The Fellowship of the Ring  - J.R.R. Tolkien, Rob Inglis
Two years ago I would not have believed that I'd start reading books that I have spent most of my life avoiding. However, my reading horizons (which I used to think were fairly broad) have expanded enormously since I joined Goodreads and I suspect that's going to continue for the reasonably foreseeable future.

So here I am, embarking on a buddy read of The Lord of the Rings trilogy. I come to this first volume of the trilogy with some disadvantages. Not only have I never been a reader of fantasy, but I've no background in reading the type of literature which informed Tolkien's writing. This novel has not been part of the fabric of my life, as it has been for so many readers.

My lack of an intellectual and emotional connection to Tolkien's writing has thrown up some issues for me. For example, one of the aspects of the novel which struck me early on is the seeming lack of female characters who actually do anything other than look decorative. While I understand that this is consistent with the type of epic narrative Tolkien was inspired by, on balance I'd prefer a novel to have no female characters than stereotyped ones. However, the way in which female characters are depicted was never going to be a make or break issue for me and the appearance of Galadriel did much to redress the balance.

Another issue is the amount of speechifying done by the characters. I don't mind lots of words in very long novels. C.S. Lewis said "You can never get a cup of tea large enough or a book long enough to suit me", and that pretty much reflects my attitude towards both cups of tea and books. However, the characters do seem to spend more time talking about the thing they are going to do and talking about the thing they just did than they spend actually doing the thing. And they don't just talk about it, they recite poems and sing songs about it and then they talk about it some more. What with the speeches, the poems, the songs and the recitation of genealogies, there are a lot of words to concentrate on. Concentration is important, because I listened to the audiobook narrated by Rob Inglis, so there was no zoning out and no flipping back over a few pages to remind myself about what just happened. While I really liked Inglis' reading of The Hobbit, I'm less taken with his narration of this novel. It may just be that he reads it in a way that makes the declamatory bits even more .... well, declamatory. If I had read the book rather than listened to it, my inner voice might have toned that aspect down a bit.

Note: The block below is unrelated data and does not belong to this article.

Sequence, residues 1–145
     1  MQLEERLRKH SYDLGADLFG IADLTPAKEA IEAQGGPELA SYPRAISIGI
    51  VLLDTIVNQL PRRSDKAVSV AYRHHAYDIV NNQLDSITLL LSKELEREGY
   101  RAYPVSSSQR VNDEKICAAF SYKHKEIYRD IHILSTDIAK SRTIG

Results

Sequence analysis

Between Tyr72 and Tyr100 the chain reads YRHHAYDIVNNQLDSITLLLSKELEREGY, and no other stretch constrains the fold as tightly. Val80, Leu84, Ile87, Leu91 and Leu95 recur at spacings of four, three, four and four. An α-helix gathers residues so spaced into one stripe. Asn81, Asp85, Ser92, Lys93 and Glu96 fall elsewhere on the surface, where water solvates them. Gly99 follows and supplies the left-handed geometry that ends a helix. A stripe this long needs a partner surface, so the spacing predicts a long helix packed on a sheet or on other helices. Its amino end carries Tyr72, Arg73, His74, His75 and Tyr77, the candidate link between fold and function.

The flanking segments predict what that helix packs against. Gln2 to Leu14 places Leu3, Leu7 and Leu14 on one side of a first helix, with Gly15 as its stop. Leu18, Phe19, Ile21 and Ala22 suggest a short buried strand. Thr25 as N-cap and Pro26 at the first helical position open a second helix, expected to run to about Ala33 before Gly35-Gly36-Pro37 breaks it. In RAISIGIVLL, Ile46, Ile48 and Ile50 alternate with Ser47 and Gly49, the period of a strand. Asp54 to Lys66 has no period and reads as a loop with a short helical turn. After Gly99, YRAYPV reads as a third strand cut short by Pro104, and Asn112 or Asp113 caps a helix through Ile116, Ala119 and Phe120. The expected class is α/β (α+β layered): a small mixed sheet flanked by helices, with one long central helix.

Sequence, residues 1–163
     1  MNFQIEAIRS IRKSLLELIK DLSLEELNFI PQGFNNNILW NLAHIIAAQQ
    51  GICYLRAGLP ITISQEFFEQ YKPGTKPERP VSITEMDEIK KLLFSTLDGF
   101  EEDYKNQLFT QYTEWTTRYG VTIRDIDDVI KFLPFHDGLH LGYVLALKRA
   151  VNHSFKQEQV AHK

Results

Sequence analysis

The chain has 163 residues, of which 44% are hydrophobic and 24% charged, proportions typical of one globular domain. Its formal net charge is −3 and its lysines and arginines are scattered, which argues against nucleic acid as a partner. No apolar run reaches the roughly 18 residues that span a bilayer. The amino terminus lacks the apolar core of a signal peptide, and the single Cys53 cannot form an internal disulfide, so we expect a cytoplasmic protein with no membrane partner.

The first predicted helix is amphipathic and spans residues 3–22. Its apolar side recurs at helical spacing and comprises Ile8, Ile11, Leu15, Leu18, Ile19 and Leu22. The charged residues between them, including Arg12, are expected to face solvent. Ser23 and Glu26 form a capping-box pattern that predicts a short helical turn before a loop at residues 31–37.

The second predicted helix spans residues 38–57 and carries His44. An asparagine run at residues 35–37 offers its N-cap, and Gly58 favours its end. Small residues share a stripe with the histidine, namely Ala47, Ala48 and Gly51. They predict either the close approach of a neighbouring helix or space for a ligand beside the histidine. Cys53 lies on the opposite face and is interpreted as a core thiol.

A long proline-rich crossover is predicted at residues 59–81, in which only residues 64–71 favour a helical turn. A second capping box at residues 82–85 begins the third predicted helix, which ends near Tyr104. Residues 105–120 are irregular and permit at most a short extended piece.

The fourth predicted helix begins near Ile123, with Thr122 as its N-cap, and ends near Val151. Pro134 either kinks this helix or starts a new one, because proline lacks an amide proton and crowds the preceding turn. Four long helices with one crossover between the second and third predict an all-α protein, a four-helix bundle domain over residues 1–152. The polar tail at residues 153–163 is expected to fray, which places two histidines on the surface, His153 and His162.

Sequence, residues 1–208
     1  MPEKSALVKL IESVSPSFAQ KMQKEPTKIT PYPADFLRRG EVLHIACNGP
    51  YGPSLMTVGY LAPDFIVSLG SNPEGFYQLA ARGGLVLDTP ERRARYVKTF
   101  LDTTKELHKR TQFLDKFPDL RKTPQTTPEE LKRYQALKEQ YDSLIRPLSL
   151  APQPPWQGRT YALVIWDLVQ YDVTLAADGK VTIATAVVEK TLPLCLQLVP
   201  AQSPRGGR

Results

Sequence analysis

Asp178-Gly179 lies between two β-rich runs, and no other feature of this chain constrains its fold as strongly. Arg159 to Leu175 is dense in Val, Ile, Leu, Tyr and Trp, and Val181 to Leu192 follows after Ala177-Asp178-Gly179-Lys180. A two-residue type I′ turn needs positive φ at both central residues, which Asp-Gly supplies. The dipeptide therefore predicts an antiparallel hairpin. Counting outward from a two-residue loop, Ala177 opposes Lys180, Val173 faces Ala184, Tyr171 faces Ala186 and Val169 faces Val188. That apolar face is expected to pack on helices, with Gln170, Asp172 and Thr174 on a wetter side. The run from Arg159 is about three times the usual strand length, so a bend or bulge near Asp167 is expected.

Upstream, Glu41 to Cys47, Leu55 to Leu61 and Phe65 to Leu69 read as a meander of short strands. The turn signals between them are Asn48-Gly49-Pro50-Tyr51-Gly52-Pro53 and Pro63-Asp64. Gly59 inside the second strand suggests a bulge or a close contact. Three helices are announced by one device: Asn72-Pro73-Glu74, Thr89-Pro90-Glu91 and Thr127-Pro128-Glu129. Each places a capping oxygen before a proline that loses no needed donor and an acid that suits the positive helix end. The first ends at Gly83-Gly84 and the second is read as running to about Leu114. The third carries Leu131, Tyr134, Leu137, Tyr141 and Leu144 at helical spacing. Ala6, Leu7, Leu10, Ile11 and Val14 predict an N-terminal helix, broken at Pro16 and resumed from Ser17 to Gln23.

What I've loved from the beginning of the book is the sense of being on a journey and Tolkien's impressive - no, more than impressive ... overwhelming and amazing - creation of a complete world. That world is so vividly evoked and is described in such detail that the reader can't help but be right there, immersed in it. But while it took me almost all the novel to get there, I'm not just involved in the world now, I'm also involved in the narrative. When I finished listening to The Fellowship of the Ring this morning, I moved right on to The Two Towers, eager to find out what happens next.

I probably won't ever have the passion for this novel that is felt by so many people I know. It's not woven into the warp and weft of my life in the way it would be if I had first read it as a teenager. However, I understand why readers develop a passion for Tolkien's writing and for this book. I can really see where that passion comes from. This work is such a literary achievement. Who would have thought that I'd like it as much as I do. Not me.